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Archive for the ‘Sazerac’ Category

*as posted in DigBoston

 

If a Sazerac tastes delicious to you and drinking several makes you drunk, what’s an easy way to make the experience of imbibing them even better? Why, make them stronger of course. But how do you make a cocktail that’s already about as boozy as they come even more so?

A high proof spirit is the solution.

As women who love spirits, we are always delighted to sample from this category of potables, known as “Navy Strength” products. In seafaring days, spirits would be distilled to a higher proof to ensure that if a bottle was ever spilled onto a pile of gun powder during an evening’s revelry, the ammo would still explode.

 

High proof spirits are also fun for party tricks, such as flaming shots, Blue Blazers, and the particularly showy display of blowing fire. Trying at home without supervision is not recommended. Instead, grab yourself a bottle of high proof rye and get busy mixing up a batch of the aforementioned Sazerac.

 

If mixing at home isn’t your thing, head on over to the Citizen where any of their team of skilled mixologists can mix one up for you, preferably with a perfectly spherical cube of ice.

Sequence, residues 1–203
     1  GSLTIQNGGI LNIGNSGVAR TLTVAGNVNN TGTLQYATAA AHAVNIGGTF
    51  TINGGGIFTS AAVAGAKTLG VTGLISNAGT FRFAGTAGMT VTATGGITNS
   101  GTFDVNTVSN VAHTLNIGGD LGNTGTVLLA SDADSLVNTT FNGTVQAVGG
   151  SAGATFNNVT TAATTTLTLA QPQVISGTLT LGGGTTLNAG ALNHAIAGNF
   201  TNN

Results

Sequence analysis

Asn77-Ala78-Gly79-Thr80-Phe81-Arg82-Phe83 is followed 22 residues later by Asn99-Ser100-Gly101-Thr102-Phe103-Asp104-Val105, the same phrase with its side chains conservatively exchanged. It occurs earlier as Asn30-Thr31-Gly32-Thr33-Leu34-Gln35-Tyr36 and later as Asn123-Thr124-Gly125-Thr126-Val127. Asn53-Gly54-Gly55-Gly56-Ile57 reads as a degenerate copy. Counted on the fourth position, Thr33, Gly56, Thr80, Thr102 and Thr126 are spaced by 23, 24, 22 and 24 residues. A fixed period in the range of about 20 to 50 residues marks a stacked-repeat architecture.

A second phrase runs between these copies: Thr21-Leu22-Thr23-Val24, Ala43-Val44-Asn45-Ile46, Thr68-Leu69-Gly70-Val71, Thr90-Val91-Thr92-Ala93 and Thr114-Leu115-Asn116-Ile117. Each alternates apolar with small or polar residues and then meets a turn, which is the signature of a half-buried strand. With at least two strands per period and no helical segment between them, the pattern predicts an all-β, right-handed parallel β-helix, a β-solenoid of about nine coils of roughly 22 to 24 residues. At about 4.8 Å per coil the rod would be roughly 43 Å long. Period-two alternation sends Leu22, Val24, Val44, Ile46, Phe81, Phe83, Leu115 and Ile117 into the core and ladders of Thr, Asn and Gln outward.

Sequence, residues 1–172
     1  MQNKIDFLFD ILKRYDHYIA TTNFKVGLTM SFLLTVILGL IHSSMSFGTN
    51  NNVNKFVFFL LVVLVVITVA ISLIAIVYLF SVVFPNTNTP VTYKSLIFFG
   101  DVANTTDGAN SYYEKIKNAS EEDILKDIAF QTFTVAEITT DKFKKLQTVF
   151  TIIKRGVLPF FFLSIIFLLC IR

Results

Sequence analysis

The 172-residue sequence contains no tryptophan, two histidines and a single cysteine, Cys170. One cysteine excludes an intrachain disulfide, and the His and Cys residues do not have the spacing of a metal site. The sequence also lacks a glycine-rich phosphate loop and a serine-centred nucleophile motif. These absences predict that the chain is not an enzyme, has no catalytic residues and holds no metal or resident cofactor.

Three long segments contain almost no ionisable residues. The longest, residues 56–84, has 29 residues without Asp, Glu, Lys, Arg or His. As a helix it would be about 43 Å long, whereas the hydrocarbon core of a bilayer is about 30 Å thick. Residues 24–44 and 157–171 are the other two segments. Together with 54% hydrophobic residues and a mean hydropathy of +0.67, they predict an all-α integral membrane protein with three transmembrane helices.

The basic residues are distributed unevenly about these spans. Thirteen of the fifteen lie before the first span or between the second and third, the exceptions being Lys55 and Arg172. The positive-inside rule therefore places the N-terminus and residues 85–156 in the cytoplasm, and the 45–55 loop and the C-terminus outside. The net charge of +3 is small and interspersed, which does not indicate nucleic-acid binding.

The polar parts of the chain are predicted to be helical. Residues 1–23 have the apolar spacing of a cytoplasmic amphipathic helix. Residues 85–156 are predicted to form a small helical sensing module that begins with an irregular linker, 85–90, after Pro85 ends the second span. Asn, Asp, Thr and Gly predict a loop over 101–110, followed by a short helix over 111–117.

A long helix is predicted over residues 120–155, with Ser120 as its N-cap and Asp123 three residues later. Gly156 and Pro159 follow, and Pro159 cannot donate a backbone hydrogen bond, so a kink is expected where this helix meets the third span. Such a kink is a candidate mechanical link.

SAZERAC
Adapted from The Essential Cocktail by Dale DeGroff

1 sugar cube
3-4 dashes Peychaud’s bitters
2 oz Rittenhouse 100 Proof
splash of Absinthe, Pernod, or Herbsaint
Lemon peel

Take two rocks glasses and fill one with ice to chill for serving while preparing the drink in another glass. In the bottom of the prep glass, muddle the sugar cube and bitters until the sugar is dissolved; a splash of water can execute the process. Add the rye and several ice cubes, and stir to chill. Take the serving glass, toss out its ice, and add the splash of Absinthe, Pernod or Herbsaint. Swirl it around to coat the inside of the glass, and then pour out any liquid that remains. Strain the chilled cocktail into the prepared glass. Garnish with a lemon twist.